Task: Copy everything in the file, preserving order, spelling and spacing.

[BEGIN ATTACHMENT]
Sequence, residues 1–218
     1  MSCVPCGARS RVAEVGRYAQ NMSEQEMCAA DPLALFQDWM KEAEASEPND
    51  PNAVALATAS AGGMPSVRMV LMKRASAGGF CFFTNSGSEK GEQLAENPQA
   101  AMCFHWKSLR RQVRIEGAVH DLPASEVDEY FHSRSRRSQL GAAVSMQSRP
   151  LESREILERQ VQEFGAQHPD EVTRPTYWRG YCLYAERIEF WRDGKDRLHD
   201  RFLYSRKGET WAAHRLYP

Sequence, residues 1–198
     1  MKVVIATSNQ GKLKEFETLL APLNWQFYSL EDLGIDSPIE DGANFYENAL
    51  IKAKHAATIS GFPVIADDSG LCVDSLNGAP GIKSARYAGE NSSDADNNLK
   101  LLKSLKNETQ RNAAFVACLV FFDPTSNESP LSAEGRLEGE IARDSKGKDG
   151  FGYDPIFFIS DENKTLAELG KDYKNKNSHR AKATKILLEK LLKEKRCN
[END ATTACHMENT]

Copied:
Sequence, residues 1–218
     1  MSCVPCGARS RVAEVGRYAQ NMSEQEMCAA DPLALFQDWM KEAEASEPND
    51  PNAVALATAS AGGMPSVRMV LMKRASAGGF CFFTNSGSEK GEQLAENPQA
   101  AMCFHWKSLR RQVRIEGAVH DLPASEVDEY FHSRSRRSQL GAAVSMQSRP
   151  LESREILERQ VQEFGAQHPD EVTRPTYWRG YCLYAERIEF WRDGKDRLHD
   201  RFLYSRKGET WAAHRLYP

Sequence, residues 1–198
     1  MKVVIATSNQ GKLKEFETLL APLNWQFYSL EDLGIDSPIE DGANFYENAL
    51  IKAKHAATIS GFPVIADDSG LCVDSLNGAP GIKSARYAGE NSSDADNNLK
   101  LLKSLKNETQ RNAAFVACLV FFDPTSNESP LSAEGRLEGE IARDSKGKDG
   151  FGYDPIFFIS DENKTLAELG KDYKNKNSHR AKATKILLEK LLKEKRCN